skip to main content
DOE PAGES title logo U.S. Department of Energy
Office of Scientific and Technical Information

Title: Achieving Health Security and Threat Reduction through Sharing Sequence Data

Abstract

With the rapid development and broad applications of next-generation sequencing platforms and bioinformatic analytical tools, genomics has become a popular area for biosurveillance and international scientific collaboration. Governments from countries including the United States (US), Canada, Germany, and the United Kingdom have leveraged these advancements to support international cooperative programs that aim to reduce biological threats and build scientific capacity worldwide. A recent conference panel addressed the impacts of the enhancement of genomic sequencing capabilities through three major US bioengagement programs on international scientific engagement and biosecurity risk reduction. Here, the panel contrasted the risks and benefits of supporting the enhancement of genomic sequencing capabilities through international scientific engagement to achieve biological threat reduction and global health security. The lower costs and new bioinformatic tools available have led to the greater application of sequencing to biosurveillance. Strengthening sequencing capabilities globally for the diagnosis and detection of infectious diseases through mutual collaborations has a high return on investment for increasing global health security. International collaborations based on genomics and shared sequence data can build and leverage scientific networks and improve the timeliness and accuracy of disease surveillance reporting needed to identify and mitigate infectious disease outbreaks and comply with international norms.more » Further efforts to promote scientific transparency within international collaboration will improve trust, reduce threats, and promote global health security.« less

Authors:
ORCiD logo [1]; ORCiD logo [2];  [2];  [3];  [3];  [4];  [5];  [6];  [7];  [8];  [9]
  1. MRIGlobal, Gaithersburg, MD (United States)
  2. Los Alamos National Lab. (LANL), Los Alamos, NM (United States)
  3. Defense Threat Reduction Agency, Fort Belvoir, VA (United States)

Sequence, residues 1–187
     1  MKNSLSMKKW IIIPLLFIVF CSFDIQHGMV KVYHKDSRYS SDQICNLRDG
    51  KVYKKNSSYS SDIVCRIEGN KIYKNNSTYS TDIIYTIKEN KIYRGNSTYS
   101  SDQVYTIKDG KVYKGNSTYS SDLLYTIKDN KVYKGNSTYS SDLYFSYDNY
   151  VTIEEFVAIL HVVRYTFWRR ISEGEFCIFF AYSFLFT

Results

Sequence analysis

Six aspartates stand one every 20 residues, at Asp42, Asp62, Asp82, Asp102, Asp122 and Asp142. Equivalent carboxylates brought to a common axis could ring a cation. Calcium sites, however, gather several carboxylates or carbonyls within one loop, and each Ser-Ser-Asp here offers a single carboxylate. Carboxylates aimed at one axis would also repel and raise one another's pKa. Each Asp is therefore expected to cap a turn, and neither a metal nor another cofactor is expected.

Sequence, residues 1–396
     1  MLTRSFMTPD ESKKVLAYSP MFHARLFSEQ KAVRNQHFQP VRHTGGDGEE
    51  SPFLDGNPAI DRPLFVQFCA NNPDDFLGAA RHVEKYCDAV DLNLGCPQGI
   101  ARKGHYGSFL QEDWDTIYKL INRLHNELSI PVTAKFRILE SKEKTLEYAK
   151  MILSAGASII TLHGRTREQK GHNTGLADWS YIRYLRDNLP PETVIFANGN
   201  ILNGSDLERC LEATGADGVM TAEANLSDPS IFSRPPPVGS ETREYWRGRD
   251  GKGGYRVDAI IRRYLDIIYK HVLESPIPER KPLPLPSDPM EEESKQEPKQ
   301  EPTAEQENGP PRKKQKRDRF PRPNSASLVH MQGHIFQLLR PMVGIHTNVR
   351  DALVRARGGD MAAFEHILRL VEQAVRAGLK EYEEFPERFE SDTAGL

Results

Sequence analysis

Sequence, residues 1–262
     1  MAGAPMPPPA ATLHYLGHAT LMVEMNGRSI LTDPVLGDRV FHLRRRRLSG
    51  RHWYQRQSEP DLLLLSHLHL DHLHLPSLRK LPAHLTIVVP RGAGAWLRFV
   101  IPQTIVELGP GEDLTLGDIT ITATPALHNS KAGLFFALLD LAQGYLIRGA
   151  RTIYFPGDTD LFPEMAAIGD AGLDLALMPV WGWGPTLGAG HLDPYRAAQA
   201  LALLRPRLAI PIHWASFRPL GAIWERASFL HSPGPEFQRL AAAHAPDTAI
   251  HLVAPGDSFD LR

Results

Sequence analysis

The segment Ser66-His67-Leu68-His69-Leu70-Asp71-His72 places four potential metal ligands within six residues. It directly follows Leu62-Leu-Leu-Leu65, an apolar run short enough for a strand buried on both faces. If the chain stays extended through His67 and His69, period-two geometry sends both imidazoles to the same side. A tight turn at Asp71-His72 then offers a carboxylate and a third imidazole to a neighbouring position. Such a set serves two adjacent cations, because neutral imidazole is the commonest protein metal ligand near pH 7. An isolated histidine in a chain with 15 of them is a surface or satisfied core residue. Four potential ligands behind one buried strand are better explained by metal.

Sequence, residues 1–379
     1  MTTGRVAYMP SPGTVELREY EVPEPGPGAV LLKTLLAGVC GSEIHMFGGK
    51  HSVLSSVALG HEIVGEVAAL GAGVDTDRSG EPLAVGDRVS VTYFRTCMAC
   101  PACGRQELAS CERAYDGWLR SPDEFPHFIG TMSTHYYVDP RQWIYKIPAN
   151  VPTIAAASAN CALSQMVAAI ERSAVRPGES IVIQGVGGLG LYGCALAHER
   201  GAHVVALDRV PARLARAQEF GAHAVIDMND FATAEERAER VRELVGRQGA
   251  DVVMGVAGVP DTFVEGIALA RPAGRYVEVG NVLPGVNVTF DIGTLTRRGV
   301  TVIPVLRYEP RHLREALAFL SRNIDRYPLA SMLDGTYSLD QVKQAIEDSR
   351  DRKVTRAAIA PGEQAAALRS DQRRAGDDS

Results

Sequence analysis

4. National Center for Disease Control and Public Health, Tbilisi (Georgia)
  5. Dept. of State, Washington, D.C. (United States)
  6. USAID, Arlington, VA (United States)
  7. Columbia Univ., New York, NY (United States)
  8. Univ. of California, Davis, CA (United States)
  9. Oklahoma State Univ., Stillwater, OK (United States)
Publication Date:
Research Org.:
Los Alamos National Lab. (LANL), Los Alamos, NM (United States)
Sponsoring Org.:
Defense Threat Reduction Agency (DTRA); USDOE
OSTI Identifier:
1532731
Report Number(s):
LA-UR-19-24621
Journal ID: ISSN 2414-6366
Grant/Contract Number:  
89233218CNA000001
Resource Type:
Accepted Manuscript
Journal Name:
Tropical Medicine and Infectious Disease
Additional Journal Information:
Journal Volume: 4; Journal Issue: 2; Journal ID: ISSN 2414-6366
Publisher:
MDPIAG
Country of Publication:
United States
Language:
English
Subject:
60 APPLIED LIFE SCIENCES; Biological Science; surveillance; biosecurity; global health security; sequencing; scientific engagement; threat reduction

Citation Formats

Yeh, Kenneth, Fair, Jeanne Marie, Cui, Helen Hong, Newman, Carl, Braunstein, Gavin, Chanturia, Gvantsa, Vora, Sapana, Chittenden, Kendra, Tseng, Ashley, Monagin, Corina, and Fletcher, Jacqueline. Achieving Health Security and Threat Reduction through Sharing Sequence Data. United States: N. p., 2019. Web. doi:10.3390/tropicalmed4020078.
Yeh, Kenneth, Fair, Jeanne Marie, Cui, Helen Hong, Newman, Carl, Braunstein, Gavin, Chanturia, Gvantsa, Vora, Sapana, Chittenden, Kendra, Tseng, Ashley, Monagin, Corina, & Fletcher, Jacqueline. Achieving Health Security and Threat Reduction through Sharing Sequence Data. United States. doi:10.3390/tropicalmed4020078.
Yeh, Kenneth, Fair, Jeanne Marie, Cui, Helen Hong, Newman, Carl, Braunstein, Gavin, Chanturia, Gvantsa, Vora, Sapana, Chittenden, Kendra, Tseng, Ashley, Monagin, Corina, and Fletcher, Jacqueline. Tue . "Achieving Health Security and Threat Reduction through Sharing Sequence Data". United States. doi:10.3390/tropicalmed4020078. https://www.osti.gov/servlets/purl/1532731.
@article{osti_1532731,
title = {Achieving Health Security and Threat Reduction through Sharing Sequence Data},
author = {Yeh, Kenneth and Fair, Jeanne Marie and Cui, Helen Hong and Newman, Carl and Braunstein, Gavin and Chanturia, Gvantsa and Vora, Sapana and Chittenden, Kendra and Tseng, Ashley and Monagin, Corina and Fletcher, Jacqueline},